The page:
Assessment of the WHO Stunting Framework using Ethiopia as a case study

    loading  Checking for direct PDF access through Ovid

Abstract

Poor linear growth in children <5 years old, or stunting, is a serious public health problem particularly in Sub-Saharan Africa. In 2013, the World Health Organization (WHO) released a conceptual framework on the Context, Causes and Consequences of Childhood Stunting (the ‘WHO framework’) that identifies specific and general factors associated with stunting. The framework is based upon a global review of data, and we have applied it to a country-level analysis where health and nutrition policies are made and public health and nutrition data are collected. We reviewed the literature related to sub-optimal linear growth, stunting and birth outcomes in Ethiopia as a case study. We found consistent associations between poor linear growth and indicators of birth size, recent illness (e.g. diarrhoea and fever), maternal height and education. Other factors listed as causes in the framework such as inflammation, exposure to mycotoxins and inadequate feeding during and after illness have not been examined in Ethiopia, and the existing literature suggests that these are clear data gaps. Some factors associated with poor linear growth in Ethiopia are missing in the framework, such as household characteristics (e.g. exposure to indoor smoke). Examination of the factors included in the WHO framework in a country setting helps identifying data gaps helping to target further data collection and research efforts. © 2016 John Wiley & Sons Ltd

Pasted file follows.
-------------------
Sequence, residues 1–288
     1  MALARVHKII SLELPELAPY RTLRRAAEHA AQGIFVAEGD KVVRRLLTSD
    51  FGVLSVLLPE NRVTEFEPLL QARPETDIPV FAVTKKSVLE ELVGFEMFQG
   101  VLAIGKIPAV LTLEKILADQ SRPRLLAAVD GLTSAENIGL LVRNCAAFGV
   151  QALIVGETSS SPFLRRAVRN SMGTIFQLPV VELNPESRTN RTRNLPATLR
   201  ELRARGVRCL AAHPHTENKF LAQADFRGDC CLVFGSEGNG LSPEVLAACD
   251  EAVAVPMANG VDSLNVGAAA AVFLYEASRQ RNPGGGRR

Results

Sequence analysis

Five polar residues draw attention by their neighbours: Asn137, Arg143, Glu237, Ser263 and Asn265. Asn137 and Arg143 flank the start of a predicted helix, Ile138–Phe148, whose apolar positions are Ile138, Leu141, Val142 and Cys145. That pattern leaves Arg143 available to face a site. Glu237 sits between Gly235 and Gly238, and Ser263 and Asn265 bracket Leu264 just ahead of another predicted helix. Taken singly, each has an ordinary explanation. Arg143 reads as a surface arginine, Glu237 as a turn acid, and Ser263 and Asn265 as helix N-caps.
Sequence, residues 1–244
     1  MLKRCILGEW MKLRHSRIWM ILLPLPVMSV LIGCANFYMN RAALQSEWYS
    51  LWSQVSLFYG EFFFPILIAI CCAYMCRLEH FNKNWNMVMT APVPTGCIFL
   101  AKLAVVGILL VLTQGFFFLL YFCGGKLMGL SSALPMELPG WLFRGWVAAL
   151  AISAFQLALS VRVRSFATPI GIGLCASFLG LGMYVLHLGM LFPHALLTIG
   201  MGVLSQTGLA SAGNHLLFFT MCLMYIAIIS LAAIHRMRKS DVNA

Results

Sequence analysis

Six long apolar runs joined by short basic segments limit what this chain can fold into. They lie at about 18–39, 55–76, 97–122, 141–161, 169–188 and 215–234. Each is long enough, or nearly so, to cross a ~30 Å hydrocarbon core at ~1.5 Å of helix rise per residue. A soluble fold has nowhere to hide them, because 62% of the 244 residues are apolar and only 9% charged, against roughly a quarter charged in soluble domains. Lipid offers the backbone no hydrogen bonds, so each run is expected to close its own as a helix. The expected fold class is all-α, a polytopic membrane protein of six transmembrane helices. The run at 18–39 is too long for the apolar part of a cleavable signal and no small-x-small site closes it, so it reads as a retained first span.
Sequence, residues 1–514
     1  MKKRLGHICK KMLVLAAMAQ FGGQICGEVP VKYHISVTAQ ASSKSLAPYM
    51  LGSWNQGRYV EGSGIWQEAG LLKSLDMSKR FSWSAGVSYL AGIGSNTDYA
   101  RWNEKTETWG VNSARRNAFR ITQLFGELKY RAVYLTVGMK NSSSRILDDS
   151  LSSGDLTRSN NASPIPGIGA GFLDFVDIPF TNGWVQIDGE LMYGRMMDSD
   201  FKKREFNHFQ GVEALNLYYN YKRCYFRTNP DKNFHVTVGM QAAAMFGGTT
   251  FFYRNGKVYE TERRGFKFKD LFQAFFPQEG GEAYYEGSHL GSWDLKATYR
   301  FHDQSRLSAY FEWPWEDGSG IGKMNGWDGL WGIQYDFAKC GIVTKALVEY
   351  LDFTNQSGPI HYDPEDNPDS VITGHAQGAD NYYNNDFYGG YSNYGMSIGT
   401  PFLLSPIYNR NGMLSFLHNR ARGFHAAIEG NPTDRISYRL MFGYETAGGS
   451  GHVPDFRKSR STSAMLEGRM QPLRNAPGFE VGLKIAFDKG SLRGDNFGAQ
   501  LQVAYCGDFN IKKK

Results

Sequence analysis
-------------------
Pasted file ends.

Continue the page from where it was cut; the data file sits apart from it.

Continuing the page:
Related Topics

    loading  Loading Related Articles